Picturesque realism in summer’s waiting
Among the recently-aired anime, I’ve really only kept up with Ano Natsu de Matteru. To be quite honest, I did it because I really liked its art; however, I’ve been following it lately because I love how the plot is unfolding. Frankly, I think it’s even better than Ano Hana as of the fifth episode: while extraordinary existences are relied upon to drive the story forward, I like the fact that Ichika isn’t Menma. She doesn’t cry all the time, and is a well-adjusted, human-like alien.
More than that, however, I like the fact that the people in Ano Natsu are more adjusted than the people in Ano Hana. Just because the people in Ano Natsu are more decent does not make them any less realistic is my contention: a lot of people all over the world are decent individuals who, although unremarkable, aren’t excluded from society although they may not be towering examples of humanity. As an observer, one may think that Kaito was slow to pick up on Kanna’s emotions for him, but this is where I think the realism of the series lies: it never really is quite easy, especially when friendship blurs whatever probable hints at romance the lady sends out. First, Kaito is not privy to Kanna’s excursions as we are, and second, it really is difficult to tell whether your lady friend is really interested in you or just treats you as a friend. I myself couldn’t differentiate which was which in the past.
I find it a breath of fresh air that despite their shortcomings and interests in each other there’s really no vitriol towards the other characters. Although Kanna exploded with frustration during the recent episode, she really didn’t hate on Ichika, but on her comfortable and budding relationship with Kai. She then caught herself when she realized she went out of line, and then regretted her actions, striving once more to maintain her friendly relations with both Kai and Ichika.
Do I blame Kai for being indirect with Ichika? On the contrary, while I can’t say I praise him, he’s not being a coward: he’s only protecting himself, just as what Kanna did in the closing minutes of the fifth episode. It’s better to maintain a relationship rather than destroy one altogether by his confession: at least, when the relationship is there, a chance will always be present in contrast to when a confession is made and a rejection is the reply.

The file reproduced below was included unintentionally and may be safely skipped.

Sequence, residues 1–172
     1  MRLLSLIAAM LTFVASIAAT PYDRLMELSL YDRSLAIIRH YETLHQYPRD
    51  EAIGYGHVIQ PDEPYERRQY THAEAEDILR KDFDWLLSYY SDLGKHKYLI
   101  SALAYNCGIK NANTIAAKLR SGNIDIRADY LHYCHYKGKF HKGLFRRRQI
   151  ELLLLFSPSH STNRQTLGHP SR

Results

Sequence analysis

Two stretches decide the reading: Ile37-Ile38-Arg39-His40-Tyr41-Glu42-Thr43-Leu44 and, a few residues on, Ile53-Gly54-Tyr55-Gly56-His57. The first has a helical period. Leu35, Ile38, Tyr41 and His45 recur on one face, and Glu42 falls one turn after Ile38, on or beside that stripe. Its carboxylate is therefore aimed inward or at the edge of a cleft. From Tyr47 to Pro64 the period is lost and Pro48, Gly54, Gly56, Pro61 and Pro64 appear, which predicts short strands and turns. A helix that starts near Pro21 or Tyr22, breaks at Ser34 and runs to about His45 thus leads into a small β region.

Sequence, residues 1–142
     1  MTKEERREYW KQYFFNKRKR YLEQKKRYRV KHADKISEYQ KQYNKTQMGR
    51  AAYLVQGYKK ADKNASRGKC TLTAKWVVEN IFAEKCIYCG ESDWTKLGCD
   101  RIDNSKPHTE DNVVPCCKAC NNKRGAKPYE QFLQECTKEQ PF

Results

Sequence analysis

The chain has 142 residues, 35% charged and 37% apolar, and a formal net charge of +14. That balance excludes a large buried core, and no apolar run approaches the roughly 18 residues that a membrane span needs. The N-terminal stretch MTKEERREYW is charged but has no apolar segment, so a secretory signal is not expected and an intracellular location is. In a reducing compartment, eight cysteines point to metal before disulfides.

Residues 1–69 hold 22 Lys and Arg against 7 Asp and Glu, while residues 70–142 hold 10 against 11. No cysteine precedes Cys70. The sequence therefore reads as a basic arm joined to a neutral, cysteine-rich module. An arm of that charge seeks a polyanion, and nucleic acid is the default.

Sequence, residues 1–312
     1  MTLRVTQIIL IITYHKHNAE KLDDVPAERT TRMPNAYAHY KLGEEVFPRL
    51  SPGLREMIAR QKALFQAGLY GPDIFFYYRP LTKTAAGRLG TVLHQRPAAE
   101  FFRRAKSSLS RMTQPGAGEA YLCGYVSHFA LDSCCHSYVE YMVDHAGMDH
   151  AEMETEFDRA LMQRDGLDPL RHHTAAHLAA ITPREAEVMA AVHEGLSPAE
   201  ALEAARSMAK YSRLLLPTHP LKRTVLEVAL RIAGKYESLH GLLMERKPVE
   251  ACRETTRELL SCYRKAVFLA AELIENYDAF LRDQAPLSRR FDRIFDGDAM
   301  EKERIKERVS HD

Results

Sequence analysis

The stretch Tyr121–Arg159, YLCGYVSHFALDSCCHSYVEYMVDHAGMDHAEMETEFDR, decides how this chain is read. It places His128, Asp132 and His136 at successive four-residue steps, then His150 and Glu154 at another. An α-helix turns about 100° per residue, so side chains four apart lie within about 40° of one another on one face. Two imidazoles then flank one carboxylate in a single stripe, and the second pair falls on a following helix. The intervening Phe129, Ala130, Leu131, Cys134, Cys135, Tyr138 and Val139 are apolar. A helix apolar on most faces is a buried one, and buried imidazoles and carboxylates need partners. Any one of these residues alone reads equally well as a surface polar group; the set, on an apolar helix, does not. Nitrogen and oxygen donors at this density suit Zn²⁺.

Admittedly, Ichika is also out of his league: she’s beautiful, kind, intelligent – and older. I don’t wonder why he doesn’t even try to voice out his feelings, and it will be all the more difficult after the fact that he knew that she would leave later on. Thus, I don’t find his actions contemptible: I find them realistic, and I find his character to be a great example of a human being. Lesser human beings would take advantage of having an extremely attractive lady stay in the same home, but all he does is look at her breasts and ogle.
I can truly put myself in his shoes, because that’s what I would do myself. I’ve grown up to respect women, even the ones with the seductive bodies, and not sully them, even in my mind. It’s not something most men would do, and this idiosyncrasy would sometimes result to people calling me gay because of it, but I find it necessary to respect the women I know not only when they see me, but also when they don’t. I do fail sometimes, however.
The lack of bathos in the series is truly quite pleasing. There aren’t any crybaby ghosts, but only people who are struggling with their emotions toward the people who don’t love them back. I’ve had my share of unrequited love, and to live with such decency as they have is something to truly emulate. I do think that Tetsuro’s brazen honesty at the end of the episode was borne out of his love for Kanna, because had she kept on doing what she did to Kaito, she would inevitably just keep getting hurt, without getting any closure except a dull hope that Kaito will look at her someday. Of course, admixed with this genuine concern is also his hope that she would, in turn, see his feelings for her that have been present for a long time.
Yes, while I do think there will be shed tears as the series comes to a close I also feel that it wouldn’t be as melodramatic as Ano Hana. I really liked Onegai Teacher, and I think this may even be better. Maybe at the end of all this, comparing the series to Ano Hana will be doing it injustice.
I hope this beautiful run continues, because this series is an early candidate for being among the year’s best, and I hope I won’t be wrong.